Tragically Hip’s farewell doc showcases strength
Often funny, film looks at beloved band’s fight to the end
It is frankly impossible to imagine anyone ever coming up with a more powerful statement on the Tragically Hip’s legacy than the farewell performance broadcast live from Kingston’s K-rock Centre via the CBC to nearly a third of the Canadian population on Aug. 20 last year.
That catalytic moment of nationwide celebration-in-grieving will stand into the future for those who participated in it as an indelible “where were you when...?” kind of experience.
Should you, however, desire to relive the once-in-a-lifetime show from the Hip’s 2016 Man Machine Poem tour — there’s a doc for that. Jennifer Baichwal and Nicholas de Pencier’s thoroughly engrossing and genuinely uplifting new film Long Time Running is a story of strength, defiance and the powerful bonds of rock-’n’roll brotherhood.
The documentary reveals that only Downie himself believed he was capable of pulling off an entire national tour after being diagnosed with terminal brain cancer in late 2015 and undergoing invasive surgery and radiation treatment.
“I did not think there was any chance in hell we were gonna make it to the tour,” confesses guitarist Rob Baker early in the film. And yet he and bandmates Gord Sinclair, Paul Langlois and Johnny Fay and the extended, family-like crew pull together behind Downey to make it happen.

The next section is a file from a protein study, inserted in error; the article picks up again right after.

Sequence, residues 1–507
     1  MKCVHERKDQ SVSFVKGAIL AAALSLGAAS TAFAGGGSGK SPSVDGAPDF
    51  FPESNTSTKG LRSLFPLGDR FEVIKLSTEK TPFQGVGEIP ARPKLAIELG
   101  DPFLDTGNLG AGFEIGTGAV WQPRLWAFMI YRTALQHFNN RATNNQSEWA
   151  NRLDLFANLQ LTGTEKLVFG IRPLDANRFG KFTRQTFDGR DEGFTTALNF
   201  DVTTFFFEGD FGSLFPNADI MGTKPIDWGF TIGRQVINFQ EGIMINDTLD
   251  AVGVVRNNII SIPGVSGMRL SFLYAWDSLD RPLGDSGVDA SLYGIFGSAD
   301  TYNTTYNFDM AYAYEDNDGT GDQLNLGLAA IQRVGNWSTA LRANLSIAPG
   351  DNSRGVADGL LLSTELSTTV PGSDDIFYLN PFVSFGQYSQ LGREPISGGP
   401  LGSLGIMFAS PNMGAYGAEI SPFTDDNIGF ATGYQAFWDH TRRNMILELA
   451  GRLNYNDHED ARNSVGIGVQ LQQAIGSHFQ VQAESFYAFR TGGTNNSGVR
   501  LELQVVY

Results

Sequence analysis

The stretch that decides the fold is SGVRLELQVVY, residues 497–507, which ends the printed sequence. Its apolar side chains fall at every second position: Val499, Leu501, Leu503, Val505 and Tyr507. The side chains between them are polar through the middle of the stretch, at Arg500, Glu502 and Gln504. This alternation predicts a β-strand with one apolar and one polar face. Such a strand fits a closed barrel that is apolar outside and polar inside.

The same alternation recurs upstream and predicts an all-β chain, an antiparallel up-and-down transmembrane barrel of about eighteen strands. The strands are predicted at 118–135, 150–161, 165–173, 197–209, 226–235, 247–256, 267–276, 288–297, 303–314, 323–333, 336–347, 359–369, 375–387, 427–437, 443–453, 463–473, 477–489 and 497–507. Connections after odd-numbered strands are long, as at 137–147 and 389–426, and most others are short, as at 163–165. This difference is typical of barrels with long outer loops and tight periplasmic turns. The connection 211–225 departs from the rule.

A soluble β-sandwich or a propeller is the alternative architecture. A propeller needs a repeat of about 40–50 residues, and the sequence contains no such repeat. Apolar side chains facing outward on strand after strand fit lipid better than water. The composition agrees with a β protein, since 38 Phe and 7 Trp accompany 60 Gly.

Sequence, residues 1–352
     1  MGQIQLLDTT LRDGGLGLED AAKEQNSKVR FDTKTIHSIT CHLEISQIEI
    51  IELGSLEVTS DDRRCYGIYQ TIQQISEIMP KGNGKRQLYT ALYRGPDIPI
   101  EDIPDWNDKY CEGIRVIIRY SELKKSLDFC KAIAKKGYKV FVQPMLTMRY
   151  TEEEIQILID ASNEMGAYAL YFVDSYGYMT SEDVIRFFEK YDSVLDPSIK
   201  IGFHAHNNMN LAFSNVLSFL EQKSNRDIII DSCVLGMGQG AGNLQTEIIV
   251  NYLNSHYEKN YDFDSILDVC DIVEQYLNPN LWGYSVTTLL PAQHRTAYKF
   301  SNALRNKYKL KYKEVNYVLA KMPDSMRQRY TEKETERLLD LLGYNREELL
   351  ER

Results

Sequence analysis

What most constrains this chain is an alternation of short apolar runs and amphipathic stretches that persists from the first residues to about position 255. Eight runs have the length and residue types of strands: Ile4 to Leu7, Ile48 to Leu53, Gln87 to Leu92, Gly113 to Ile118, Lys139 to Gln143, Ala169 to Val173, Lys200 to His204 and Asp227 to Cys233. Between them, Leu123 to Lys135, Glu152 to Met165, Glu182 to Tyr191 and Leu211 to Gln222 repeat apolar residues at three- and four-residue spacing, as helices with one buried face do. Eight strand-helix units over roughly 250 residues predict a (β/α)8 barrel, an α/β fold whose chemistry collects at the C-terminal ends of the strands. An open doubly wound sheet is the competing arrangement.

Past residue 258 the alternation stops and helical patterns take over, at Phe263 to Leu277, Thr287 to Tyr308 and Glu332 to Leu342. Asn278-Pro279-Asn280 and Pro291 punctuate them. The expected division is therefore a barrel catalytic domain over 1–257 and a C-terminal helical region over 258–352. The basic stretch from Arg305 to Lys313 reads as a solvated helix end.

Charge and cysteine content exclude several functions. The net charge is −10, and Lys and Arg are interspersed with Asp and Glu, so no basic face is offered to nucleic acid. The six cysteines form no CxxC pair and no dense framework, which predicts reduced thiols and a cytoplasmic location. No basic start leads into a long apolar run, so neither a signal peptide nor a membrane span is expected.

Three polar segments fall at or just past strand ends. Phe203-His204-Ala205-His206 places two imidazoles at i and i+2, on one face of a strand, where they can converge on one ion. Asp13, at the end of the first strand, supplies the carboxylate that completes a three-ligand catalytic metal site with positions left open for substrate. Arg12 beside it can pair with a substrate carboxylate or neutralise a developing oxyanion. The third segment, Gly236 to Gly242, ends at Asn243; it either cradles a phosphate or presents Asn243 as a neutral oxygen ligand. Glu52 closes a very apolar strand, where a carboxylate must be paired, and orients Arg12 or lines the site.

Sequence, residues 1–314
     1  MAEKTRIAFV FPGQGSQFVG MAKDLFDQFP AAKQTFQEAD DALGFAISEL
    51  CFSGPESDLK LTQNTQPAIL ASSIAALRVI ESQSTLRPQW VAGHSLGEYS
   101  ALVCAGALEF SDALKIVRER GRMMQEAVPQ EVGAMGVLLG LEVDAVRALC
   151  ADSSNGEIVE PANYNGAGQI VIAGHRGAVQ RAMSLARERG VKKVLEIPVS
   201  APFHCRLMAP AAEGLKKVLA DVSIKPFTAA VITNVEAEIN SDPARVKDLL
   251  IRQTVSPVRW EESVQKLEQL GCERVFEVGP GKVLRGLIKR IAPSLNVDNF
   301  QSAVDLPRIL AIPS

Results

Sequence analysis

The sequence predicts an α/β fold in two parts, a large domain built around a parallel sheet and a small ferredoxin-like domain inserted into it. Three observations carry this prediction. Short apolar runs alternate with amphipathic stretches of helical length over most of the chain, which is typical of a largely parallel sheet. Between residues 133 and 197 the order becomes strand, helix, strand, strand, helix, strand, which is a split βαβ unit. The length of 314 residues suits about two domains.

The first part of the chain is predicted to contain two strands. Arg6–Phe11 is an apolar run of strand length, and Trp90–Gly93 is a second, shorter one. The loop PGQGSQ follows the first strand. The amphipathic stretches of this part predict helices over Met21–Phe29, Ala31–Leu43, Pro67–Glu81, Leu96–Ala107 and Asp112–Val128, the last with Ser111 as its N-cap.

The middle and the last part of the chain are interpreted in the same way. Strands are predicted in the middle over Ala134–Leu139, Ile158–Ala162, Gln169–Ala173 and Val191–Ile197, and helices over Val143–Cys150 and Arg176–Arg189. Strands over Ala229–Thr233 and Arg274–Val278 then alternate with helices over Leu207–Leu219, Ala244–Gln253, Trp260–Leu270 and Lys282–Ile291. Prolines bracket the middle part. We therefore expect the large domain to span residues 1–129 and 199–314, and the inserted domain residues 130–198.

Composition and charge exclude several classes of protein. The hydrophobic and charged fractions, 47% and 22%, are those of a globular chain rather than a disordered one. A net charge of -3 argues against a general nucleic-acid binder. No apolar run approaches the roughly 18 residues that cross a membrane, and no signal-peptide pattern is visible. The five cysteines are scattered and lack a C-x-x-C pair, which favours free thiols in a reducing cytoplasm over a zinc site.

Tour footage starts as early as a tentative first rehearsal caught on a smartphone by Downie’s brother, Pat. In it, a frail, thoroughly bearded Gord can barely remember song titles, feeling his way through the first stanzas of Escape Is At Hand for the Travellin’ Man. But later on, astonishing performances capture the band’s evolution from early rehearsals, including a gorgeous version of Grace, Too shot at the Air Canada Centre in Toronto. The song Ahead by a Century, performed in Kingston, concludes the film.
There was an emotional atmosphere at the TIFF premiere of Long Time Running at Roy Thomson Hall this past Wednesday evening — an event attended by all the members of the Hip except Downie. But despite the inevitable tears it drew from the audience, it is anything but maudlin film. In fact, it is often quite funny, with much of the humour supplied by Downie, himself.
He confesses his Bee Gees fanhood and that the neckerchiefs he donned onstage nightly during the Man Machine Poem tour were actually “two socks stitched together.” Plus, his detailing of an awkward telephone exchange with idol Bobby Orr is far too droll to spoil.
Audiences shouldn’t expect much suspense in Long Time Running, just the satisfaction of seeing love, hard work and determination hold the demons at bay. “When it’s over, it’s done. And what then?” asks Baker at one point in the film. Leave it to them to decide.
The Hip’s Gord sinclair, far left, Johnny Fay, Paul Langlois, and Rob Baker at the film’s TIFF premiere.